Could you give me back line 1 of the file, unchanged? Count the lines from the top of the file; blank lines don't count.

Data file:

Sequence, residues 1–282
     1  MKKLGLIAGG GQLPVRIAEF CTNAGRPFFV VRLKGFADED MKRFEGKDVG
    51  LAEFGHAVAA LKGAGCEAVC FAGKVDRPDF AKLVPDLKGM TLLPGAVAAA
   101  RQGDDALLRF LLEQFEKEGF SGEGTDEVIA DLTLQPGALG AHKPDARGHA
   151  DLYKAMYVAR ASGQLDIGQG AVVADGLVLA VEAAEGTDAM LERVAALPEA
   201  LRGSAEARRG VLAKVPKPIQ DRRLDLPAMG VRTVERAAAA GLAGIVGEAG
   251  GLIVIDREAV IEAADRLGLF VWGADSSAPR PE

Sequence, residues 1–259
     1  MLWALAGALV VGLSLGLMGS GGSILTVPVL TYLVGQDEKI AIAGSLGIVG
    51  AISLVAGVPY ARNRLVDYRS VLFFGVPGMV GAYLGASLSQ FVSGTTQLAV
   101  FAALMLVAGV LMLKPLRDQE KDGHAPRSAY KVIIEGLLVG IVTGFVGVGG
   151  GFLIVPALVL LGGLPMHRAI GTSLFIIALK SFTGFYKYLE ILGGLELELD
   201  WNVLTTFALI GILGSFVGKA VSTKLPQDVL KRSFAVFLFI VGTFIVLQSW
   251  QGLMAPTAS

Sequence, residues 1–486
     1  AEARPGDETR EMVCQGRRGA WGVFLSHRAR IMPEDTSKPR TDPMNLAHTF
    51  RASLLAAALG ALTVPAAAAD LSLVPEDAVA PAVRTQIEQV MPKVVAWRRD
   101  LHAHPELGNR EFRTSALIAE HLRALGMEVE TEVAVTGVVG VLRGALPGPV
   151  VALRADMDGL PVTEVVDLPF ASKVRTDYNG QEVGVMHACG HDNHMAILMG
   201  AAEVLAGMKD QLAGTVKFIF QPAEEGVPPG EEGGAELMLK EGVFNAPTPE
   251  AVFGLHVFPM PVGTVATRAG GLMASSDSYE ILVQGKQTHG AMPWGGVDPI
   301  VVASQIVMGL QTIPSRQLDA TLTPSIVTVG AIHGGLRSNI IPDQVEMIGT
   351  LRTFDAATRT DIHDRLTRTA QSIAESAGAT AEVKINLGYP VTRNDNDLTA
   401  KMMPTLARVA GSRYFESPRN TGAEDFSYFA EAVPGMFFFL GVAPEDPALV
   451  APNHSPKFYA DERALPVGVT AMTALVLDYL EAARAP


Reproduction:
Sequence, residues 1–282